Otherwise the discussions will go on forever and no one will ever get anywhere. I know the Gospel imperative is unity, but let each “family” get its act together and be able to believe and teach according to its convictions.

  6. Charles says:

    My apologies. I didn’t get the link to Tarsitano’s Discussion Paper pasted. I first ran across the Paper after Fr. Sam Edwards obliquely quoted it at a FiFNA/ESA lecture. It took me some time to track down the source. Since then, I keep wondering if Tarsitano is really the architectural father of federations like FACA and even ACNA?

    Anyhow, here’s the link:

  7. Charles says:

    I noticed you added a link to ‘ACC Makeover’. Thank you, Fr. Chadwick. My criticisms with ACC is with its foreign policy and pretensions as the “original province”– not the use of Missals or what Haverland has otherwise called the “ACC Settlement of Religion”. The best solution is what you have already stated, and it’s been laid out and expounded upon quite well about ten years ago by Fr. Tarsitano. You are likely already familiar with it, but for those who are not I urge them to see the links above to Tarsitano’s Discussion Paper and his book, Dear Primates. Tarsitano asks Anglicans to pray and do mission work together with no preconceived concoctions. You seem to agree with this, but unfortunately this is not ACC policy. Haverland has stated his opposition to anything less than a full reading of the Affirmation (as understood through the ACC Settlement), and this will likely prove a barrier for broad churchmen (as it has with Robinson),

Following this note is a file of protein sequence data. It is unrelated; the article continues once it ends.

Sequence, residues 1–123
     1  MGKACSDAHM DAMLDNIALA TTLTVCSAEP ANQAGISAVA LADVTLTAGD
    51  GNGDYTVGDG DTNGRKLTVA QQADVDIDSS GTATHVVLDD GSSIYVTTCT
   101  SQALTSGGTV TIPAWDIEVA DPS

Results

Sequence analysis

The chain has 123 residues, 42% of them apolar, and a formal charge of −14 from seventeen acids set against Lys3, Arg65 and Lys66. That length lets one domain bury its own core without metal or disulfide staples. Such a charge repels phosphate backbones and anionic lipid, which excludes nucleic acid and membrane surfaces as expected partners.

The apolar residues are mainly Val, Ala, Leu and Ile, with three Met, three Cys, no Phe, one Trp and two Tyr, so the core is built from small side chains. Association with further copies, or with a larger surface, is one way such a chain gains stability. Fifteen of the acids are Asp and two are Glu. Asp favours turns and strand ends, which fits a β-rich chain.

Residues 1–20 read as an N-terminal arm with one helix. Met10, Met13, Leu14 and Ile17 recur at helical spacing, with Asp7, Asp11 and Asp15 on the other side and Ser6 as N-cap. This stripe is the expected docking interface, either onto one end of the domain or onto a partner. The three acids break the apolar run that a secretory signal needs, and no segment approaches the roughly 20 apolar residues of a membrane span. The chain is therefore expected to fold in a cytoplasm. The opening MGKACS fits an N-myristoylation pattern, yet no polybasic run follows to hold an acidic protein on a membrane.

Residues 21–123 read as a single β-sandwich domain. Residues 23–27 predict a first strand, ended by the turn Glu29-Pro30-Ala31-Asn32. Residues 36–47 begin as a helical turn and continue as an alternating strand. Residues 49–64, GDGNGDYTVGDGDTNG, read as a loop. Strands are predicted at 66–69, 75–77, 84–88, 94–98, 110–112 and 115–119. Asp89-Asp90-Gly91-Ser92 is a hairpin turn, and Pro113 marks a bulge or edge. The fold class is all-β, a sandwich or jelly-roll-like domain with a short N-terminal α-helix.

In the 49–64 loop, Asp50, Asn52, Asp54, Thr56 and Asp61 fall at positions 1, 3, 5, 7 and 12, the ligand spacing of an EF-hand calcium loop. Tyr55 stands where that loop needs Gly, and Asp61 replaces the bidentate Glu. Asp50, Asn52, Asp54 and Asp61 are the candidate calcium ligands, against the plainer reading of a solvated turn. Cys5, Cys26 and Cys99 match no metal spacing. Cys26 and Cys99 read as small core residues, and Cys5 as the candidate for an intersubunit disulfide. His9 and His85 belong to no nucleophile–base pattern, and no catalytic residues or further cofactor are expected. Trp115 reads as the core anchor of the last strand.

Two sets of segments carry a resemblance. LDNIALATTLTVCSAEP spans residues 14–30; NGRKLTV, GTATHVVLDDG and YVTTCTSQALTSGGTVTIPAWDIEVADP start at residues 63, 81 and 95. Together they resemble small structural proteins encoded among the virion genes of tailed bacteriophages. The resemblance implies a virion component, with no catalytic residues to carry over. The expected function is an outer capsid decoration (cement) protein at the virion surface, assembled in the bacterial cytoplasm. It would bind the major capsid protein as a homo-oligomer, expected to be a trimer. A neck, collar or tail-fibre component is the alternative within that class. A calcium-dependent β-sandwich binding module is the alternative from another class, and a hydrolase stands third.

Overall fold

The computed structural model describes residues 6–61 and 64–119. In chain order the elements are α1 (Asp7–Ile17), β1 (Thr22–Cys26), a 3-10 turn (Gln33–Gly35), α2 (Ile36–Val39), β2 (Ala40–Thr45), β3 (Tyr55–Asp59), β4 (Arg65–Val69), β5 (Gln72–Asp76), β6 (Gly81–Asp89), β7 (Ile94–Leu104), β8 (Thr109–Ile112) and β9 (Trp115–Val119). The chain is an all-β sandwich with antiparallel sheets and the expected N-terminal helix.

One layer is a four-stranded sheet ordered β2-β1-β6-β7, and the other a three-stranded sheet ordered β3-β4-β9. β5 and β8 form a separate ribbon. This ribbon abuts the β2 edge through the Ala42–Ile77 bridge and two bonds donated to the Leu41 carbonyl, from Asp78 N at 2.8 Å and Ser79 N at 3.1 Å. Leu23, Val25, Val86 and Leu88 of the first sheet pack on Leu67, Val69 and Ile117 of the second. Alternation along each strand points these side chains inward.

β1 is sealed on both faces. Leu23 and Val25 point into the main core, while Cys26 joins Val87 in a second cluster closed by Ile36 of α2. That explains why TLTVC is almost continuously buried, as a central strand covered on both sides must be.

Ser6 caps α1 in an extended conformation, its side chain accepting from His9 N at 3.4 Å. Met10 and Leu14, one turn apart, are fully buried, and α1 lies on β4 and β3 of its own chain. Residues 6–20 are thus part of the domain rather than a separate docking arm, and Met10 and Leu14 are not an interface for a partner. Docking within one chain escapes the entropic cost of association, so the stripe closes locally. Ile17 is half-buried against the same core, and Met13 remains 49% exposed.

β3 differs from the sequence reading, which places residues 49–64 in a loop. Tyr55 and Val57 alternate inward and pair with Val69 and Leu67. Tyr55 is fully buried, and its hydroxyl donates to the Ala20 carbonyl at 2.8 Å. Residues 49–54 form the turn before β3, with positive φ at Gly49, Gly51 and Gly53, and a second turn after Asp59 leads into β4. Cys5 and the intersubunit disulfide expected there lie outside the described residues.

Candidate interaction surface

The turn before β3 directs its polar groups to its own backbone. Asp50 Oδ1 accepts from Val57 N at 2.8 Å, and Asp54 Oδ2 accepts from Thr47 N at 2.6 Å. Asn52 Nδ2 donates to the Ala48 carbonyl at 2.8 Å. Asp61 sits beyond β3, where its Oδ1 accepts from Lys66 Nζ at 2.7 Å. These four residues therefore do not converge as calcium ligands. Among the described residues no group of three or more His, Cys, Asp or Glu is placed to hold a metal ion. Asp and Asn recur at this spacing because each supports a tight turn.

” It is not enough for us to ask for a positive statement of faith from each other under current circumstances. We may accept the Affirmation of Saint Louis nominally while undermining its substance by treating some of its vital points as inessential…The ACC is quite clear on this point. While we are happy to talk with anyone, full communion with our interlocutors will require acceptance of a hard-line similar to the one we have adopted, lest bad theology drive out the good that we have embraced. That is what I mean by theological integrity on the basis of the Affirmation of Saint Louis. For us this issue will quickly come forward in all of our ecumenical conversations ”

    You can read more about the tension between FACA and ACC-aligned churches below. Again, it’s not really over anglo-catholic vs. protestant but how the Affirmation is interpreted. Strangely, there is no consistent reading of the Affirmation even among anglo-catholics. This is why the HCC-AR allegedly left ACC, for example. If the Affirmation is subject to various readings (also see below), then why try to impress it as a symbol for the entire continuum when Solemn Declarations (like the ACA’s 1991 version) have been closer to our North American tradition? Anyway, I do believe you are an orthodox ecumenicist (generous soul), Fr. Chadwick, and this is why I was surprised that you left TAC for ACC. Meanwhile, I hope I haven’t been too ornery about anything. Here are those links I mentioned. They are overall critical of ACC but of its foreign policy rather than doctrine per se.